Lately, I’ve heard a few folks using the term that I have been using for 20: decision facilitation.
But what, exactly, does that mean?
Since I suspect there is a good chance I was the person who first put those particular words together – especially in the sales field – I’d like to offer my definition.
Sales manages the solution placement end of the buying decision. It does a good job gathering data about needs, sharing data about products and solutions, and creating trusting relationships.
But it doesn’t handle the offline issues that buyers have to manage before they can buy.
What happens when the guy from the other department shows up with his favorite vendor who can handle a portion of what you want to resolve? How ’bout that new initiative that proclaims no new vendors? What about the tech team that wants to do it on their own? Or the new director who wants to be involved with everything, and doesn’t like your prospect?
We’ve sat and waited while our customers figure this stuff out.
We’d like to think that the strength of our solution and our relationship management will rule the day. But given our 10% (or less) closing ratios, we know that we’re missing a piece and out of control far more frequently than we’d like to think.
There is actually a string of things that buyers need to address before they make a buying decision. I developed a decision facilitation model that I’ve named Buying Facilitation™ that leads the buyer (and their decision teams) through their path of unknowable stuff they need to address before they can choose a solution.
Unfortunately, it’s not stuff we can control. On the face of it, it’s stuff that has nothing to do with our solution. We’ve never been taught an additional set of skills to help buyers maneuver through the sorts of decisions around people and policies, rules or relationships, that only reside in their culture, and are often pretty personal in nature.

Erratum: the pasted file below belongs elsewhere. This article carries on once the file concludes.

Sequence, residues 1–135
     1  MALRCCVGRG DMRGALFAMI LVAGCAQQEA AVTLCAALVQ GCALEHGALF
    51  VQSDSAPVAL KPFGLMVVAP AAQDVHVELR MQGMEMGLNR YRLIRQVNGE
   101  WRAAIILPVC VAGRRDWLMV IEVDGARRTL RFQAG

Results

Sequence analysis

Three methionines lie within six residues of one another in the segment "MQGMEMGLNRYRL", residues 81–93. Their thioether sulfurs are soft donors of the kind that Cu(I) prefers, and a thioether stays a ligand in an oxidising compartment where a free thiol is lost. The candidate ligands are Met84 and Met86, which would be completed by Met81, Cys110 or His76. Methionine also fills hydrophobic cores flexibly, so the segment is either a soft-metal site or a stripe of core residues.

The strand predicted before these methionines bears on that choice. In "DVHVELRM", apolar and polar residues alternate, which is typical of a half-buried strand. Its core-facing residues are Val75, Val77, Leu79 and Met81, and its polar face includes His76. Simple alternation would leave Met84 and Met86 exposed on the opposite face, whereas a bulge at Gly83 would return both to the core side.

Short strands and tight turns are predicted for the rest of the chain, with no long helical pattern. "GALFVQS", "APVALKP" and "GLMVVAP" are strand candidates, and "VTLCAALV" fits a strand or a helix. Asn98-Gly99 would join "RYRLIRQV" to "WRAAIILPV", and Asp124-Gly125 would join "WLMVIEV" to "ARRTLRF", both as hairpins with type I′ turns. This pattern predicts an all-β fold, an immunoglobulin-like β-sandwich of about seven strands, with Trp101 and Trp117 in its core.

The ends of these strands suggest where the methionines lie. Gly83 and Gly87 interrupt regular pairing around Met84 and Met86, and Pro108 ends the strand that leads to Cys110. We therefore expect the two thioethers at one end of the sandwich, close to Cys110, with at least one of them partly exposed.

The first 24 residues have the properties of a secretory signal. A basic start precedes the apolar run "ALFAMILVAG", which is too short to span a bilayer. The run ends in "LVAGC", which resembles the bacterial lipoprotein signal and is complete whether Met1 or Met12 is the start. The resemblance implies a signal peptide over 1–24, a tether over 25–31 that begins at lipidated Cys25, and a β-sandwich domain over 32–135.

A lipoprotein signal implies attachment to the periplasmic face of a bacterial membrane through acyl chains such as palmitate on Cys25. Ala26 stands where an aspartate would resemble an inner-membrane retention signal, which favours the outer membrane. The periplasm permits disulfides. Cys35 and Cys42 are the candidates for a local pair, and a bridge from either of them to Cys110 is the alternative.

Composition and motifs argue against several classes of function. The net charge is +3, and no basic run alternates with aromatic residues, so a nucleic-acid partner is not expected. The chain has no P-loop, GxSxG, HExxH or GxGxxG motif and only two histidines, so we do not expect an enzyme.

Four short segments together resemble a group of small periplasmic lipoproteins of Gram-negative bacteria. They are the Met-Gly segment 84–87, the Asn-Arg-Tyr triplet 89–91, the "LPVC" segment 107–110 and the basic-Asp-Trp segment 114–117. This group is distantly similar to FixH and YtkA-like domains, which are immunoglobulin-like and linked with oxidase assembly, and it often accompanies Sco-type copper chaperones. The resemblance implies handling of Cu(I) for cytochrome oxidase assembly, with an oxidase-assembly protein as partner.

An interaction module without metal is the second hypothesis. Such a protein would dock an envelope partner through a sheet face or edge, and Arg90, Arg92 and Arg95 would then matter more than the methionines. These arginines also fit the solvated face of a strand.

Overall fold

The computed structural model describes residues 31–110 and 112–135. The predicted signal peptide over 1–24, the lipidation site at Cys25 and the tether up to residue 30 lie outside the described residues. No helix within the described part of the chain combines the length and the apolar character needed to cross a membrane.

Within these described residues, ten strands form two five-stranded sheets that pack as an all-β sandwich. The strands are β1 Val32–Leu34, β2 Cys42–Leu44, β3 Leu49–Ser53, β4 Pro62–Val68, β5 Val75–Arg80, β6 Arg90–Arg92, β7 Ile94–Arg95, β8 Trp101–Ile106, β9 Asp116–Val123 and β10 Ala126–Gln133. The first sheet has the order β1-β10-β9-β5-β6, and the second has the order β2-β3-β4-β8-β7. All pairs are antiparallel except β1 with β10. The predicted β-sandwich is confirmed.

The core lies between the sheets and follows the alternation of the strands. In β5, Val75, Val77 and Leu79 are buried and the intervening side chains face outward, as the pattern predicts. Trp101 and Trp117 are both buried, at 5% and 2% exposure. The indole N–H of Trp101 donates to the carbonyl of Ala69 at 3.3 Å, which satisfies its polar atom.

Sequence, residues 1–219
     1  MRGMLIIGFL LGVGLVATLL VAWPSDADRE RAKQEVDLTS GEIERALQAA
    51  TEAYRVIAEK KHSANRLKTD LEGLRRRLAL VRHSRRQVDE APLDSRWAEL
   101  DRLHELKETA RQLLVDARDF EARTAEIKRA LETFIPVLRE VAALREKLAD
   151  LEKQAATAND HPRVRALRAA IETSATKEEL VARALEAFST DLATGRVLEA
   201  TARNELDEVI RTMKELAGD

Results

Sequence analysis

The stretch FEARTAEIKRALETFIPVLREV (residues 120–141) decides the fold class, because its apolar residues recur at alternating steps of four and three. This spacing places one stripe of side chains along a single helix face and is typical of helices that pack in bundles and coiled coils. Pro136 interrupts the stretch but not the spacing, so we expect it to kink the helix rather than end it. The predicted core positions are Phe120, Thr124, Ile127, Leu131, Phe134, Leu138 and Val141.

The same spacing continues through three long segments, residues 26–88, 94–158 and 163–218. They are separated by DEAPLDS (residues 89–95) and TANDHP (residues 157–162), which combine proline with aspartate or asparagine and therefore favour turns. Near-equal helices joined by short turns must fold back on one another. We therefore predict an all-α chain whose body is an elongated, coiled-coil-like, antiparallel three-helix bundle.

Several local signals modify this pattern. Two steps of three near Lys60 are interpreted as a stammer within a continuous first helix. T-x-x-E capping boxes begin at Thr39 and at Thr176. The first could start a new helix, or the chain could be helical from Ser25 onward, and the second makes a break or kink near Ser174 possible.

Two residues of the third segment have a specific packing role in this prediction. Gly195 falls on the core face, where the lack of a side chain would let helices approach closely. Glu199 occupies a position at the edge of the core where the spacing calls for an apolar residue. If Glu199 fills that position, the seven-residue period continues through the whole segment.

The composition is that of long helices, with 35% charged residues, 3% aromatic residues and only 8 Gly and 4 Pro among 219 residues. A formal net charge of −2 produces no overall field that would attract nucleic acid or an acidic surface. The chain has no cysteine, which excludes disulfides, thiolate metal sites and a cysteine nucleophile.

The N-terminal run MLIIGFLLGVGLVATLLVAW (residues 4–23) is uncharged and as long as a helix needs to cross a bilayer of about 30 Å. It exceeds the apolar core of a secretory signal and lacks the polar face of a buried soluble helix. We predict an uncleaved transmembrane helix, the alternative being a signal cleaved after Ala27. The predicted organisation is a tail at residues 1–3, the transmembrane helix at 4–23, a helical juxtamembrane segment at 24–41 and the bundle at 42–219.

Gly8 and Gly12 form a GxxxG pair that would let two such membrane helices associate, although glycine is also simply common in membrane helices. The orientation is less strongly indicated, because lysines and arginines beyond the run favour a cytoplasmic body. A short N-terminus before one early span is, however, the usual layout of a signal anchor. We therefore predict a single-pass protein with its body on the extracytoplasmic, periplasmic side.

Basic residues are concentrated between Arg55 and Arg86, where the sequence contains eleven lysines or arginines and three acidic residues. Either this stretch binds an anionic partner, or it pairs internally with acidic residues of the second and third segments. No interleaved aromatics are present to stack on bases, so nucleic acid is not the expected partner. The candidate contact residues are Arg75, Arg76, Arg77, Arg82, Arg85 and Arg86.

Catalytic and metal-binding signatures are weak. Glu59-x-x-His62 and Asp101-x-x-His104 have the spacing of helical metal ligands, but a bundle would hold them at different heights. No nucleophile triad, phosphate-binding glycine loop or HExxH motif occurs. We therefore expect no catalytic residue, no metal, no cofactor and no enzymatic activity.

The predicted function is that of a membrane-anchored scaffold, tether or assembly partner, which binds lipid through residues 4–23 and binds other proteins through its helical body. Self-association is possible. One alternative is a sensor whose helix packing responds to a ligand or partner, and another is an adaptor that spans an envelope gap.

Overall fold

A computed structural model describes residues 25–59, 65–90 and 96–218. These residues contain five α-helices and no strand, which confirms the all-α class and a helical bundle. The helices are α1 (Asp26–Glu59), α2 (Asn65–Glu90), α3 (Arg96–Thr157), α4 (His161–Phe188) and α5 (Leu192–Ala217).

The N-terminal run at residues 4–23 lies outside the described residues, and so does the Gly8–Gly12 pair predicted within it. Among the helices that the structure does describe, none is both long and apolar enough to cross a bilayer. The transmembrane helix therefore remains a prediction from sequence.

Mostly the stuff they need to figure out seems to have absolutely nothing to do with their need or our solution. It’s in-fighting, or historic stuff that has been hanging around out of everyone’s control.
It is possible to facilitate the entire range of systems-based, internal, offline decisions that buyers need to make before they are able to make a purchase. Until there is buy-in from the relevant stakeholders, or the rules are changed, or the budget gets freed up, or the internal vendor realizes they don’t have time, buyers will do nothing.
Once we take off our ‘sales’ hat, and recognize the necessity to lead buyers through the untangling of the junk they have to manage first, we can use our decision facilitation skills to help buyers manage change first.
The Buying System
Buyers live in a ‘system’ that is a culture, that maintains its status quo with every purchase, every hire, every rule, every initiative. Until or unless they can get buy in from all of the elements that touch the ‘need’ that your product can resolve – even if they have nothing whatsoever to do with need – and until or unless they can be assured that anything new will not upset their system, they will take no action. That means relationships with other departments need to be resolved, or old partners need to be thrown out of the picture.
This is where buyers go when we wait. But we don’t have to wait. Figure out the rules and roles that need to buy in to change. Help your buyer think through the route they need to take through these issues. Once they figure out how to bring together the right people, manage the right issues that got them in the predicament to begin with, bend a few arms, and influence some of their bosses, they’ll be able to buy.
They have to do this anyway – with you or without you. We sit and wait for them to do it anyway. We might as well help.
But one huge caution: you’ll never understand that relationship, or why that rule is there, or how that initiative is creating problems – so don’t enter attempting to understand. Save that for sales.
Your job is to do decision facilitation: facilitating the bringing together of all of the internal, offline elements that need to buy in to change so they can purchase your product. It is not a sales skill. But it is the precursor to your buyer making a buying decision.
If you’d like me to write a White Paper for you on understanding the decision issues your buyers face, please email me at firstname.lastname@example.org.
Or have a look at my book Buying Facilitation:the new way to sell that inluences and expands decisions. Click here for two free chapters. It will teach you how to understand and manage the route through the internal decision process. Will it help you make a sale? Maybe. Maybe not. But it sure will help you make a client.